Mercenary Magic Page 36

“Yes. Harrison went into the building a few hours ago and hasn’t come out since.”

“Did you mention that he’s probably linked to a group of mages who can use glyphs to teleport across the city?”

“Yes, and they’re keeping an eye on him and the others inside. Olivia showed up half an hour ago. Something big is brewing.”

“Then let’s get there before it explodes.”

A few minutes later, Kai’s car slid into a parking spot just outside of Acceleration Magic. The curved shell building that held the recreation area was drab, ugly, and uninspired—a complete contrast to the beautiful curves and colors of the nearby Palace of Fine Arts.

The fairies called the architectural landmark the Mystic Palace. On dark, clear nights you could sometimes watch them gathering to sing under the hollow palace dome, or see nymphs splashing in the pond. It was best to watch from a distance, however, because the fairies didn’t take kindly to invaders of their rituals. The nymphs, on the other hand, delighted in the sight of visitors. They pouted out their lips, perked up their peaches, and shot sultry looks at any man within flirting distance. The men they lured in woke up the next morning with no memory of the previous night—and sometimes the past few days. But still the men kept coming, drawn in by the nymphs’ seductive magic.

“My team’s on the roof,” Kai said, stopping in front of the building. His eyes panned up the smooth wall.

“I take it there’s no ladder.”

“No.” He headed for a tree growing beside the building. It reached higher than the roof, but the branches were spaced too far apart to comfortably climb it. “We go up here.”

The branches apparently weren’t too far apart for a big, bad dragon—though she wasn’t convinced those skinny twigs could even hold his weight. Maybe he meant to fly up.

“Do you want a boost?” he asked, his brows lifted in wicked amusement.

That’d be the day. “I’m fine.”

She backed up to the grassy patch past the parking spaces. Then, taking a deep breath, she made a dash for the building, running up the wall to launch herself into the tree. Her foot slipped against one end of the branch, her hands locked onto the other, and the rest of her in between just tried to steady itself before she dropped to the ground like a stone. A few undignified squirms and wiggles later, she was making her way up the tree.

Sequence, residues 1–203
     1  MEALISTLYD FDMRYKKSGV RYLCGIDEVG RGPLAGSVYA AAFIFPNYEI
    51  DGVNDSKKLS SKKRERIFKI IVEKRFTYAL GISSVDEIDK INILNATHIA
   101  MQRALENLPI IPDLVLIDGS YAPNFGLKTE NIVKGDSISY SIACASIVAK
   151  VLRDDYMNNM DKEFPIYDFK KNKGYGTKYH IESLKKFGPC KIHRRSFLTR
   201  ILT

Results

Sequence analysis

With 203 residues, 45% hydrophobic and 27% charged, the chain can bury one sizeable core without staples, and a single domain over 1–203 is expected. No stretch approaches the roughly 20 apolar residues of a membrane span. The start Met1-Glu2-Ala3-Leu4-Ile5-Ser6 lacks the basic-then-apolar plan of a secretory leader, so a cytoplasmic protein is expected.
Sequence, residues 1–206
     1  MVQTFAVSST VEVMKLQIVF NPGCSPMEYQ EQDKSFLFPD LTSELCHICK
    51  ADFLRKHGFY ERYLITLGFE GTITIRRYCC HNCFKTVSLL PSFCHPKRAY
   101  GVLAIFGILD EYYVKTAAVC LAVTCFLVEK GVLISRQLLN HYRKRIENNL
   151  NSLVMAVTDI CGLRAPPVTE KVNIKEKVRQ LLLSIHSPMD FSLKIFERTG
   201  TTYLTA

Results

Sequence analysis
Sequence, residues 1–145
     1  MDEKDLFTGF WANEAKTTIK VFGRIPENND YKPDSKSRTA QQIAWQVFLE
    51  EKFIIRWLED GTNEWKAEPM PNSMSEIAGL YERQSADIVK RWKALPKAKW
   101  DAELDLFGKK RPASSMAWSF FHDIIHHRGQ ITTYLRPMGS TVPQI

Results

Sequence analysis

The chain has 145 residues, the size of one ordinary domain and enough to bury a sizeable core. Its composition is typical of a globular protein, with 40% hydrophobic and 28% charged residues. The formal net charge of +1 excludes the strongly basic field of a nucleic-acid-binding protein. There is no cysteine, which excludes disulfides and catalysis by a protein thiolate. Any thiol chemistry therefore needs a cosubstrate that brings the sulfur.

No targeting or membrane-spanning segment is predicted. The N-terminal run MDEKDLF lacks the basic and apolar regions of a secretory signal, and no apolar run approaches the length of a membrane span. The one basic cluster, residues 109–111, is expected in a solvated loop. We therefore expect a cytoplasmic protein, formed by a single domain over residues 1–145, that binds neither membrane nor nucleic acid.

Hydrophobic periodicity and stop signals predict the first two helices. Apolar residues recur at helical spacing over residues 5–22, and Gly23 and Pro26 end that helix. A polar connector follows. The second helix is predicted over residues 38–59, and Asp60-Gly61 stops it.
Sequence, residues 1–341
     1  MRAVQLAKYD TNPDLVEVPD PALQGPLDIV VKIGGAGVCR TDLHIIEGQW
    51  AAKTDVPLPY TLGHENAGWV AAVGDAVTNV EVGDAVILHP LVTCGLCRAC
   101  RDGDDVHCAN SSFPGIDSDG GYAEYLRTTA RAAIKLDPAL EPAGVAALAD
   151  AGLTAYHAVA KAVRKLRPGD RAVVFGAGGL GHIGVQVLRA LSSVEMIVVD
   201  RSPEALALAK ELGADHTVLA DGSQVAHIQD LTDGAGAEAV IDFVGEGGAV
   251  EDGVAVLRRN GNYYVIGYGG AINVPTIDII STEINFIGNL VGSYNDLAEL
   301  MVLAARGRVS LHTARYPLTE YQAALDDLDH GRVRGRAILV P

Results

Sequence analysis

As she slid up onto the roof, she peeked down over the edge. Kai hopped onto the tree and scrambled up it like he did that sort of thing every day. Maybe he did. Who knew what sort of weird things he had in his dungeon—uh, basement.

In the middle of the roof, surrounding a skylight, three men dressed in full bodysuits turned their hard, assessing eyes on her. Their hands slid toward their knives.

“Stand down,” Kai told them as he pushed himself up onto the roof.

His arms bulged under the weight. Not that Sera was ogling. Not at all. He winked at her on his way over to join his team of unsuitably dressed commandos. They must have been sweating up a storm under all that black.

“Sera, this is Callum, Tony, and Dal.”

They each gave her a crisp nod.

“There are five mages inside,” one of the men reported. “Three are piling up wood in the corner. And the two Sage siblings are arguing over something.”

“What kind of wood?” Sera asked, crawling forward to peer through the skylight. The glass was too milky to see a thing. She looked at him in surprise.

“Tony’s a seer,” Kai told her.

She looked at Tony. “What’s your range?”

“About thirty feet,” he replied. “And the wood’s oak.”

“That’s used for protection magic,” said Sera. “What are those mages doing in there?”

“I don’t know. But one of them just brought in the Priming Bangles,” he said, looking at Kai.

“Ok, we’re moving in.”

Like perfect soldiers, they moved quickly into position. Sera wasn’t a perfect soldier, and she didn’t have a position—at least not any that he’d given her.

“What do you want me to do?” she asked Kai.

“We’re all going to jump down.”

“Without ropes?”

“I’ll create a wind funnel to soften our landing. I’ll use a second one to hold the mages in place,” he said. “We’ll recover the Priming Bangles and capture Harrison’s rogue band of mages.”

Kai hit the skylight with a blast that sucked it right out of its screws. As the sheet of glass tumbled off the roof, the wind funnel poured through the opening.

“Sounds simple enough,” she said cautiously.

Except that nothing was ever that simple.


War with the Wind

IT TOOK A special sort of subtlety and a hell of a lot of power to tame a tornado. Kai had both in spades. As the tornado he’d cast began to spin into existence, he reached out and molded it into a slide. Sera, Kai, and the commandos rode the wind down to the ground, where a whirling funnel had the five mages pinned against the walls: Harrison and Olivia Sage, an elemental, a summoner, and a shifter. The elemental’s magic smelled like fire, the summoner’s like the sea, and the shifter’s like a woodland. Harrison and Olivia smelled like old magic and self-entitlement mixed with blood and decay. Ew. They all smelled like a whole lot of crazy.

The fiery elemental tried to summon a ball of fire into her hand, but the wind puffed it out like a birthday candle. She tried again, and a wind tentacle curled out to slam her wrist against the bare concrete wall behind her. Glass crunched, likely from her expensive watch.

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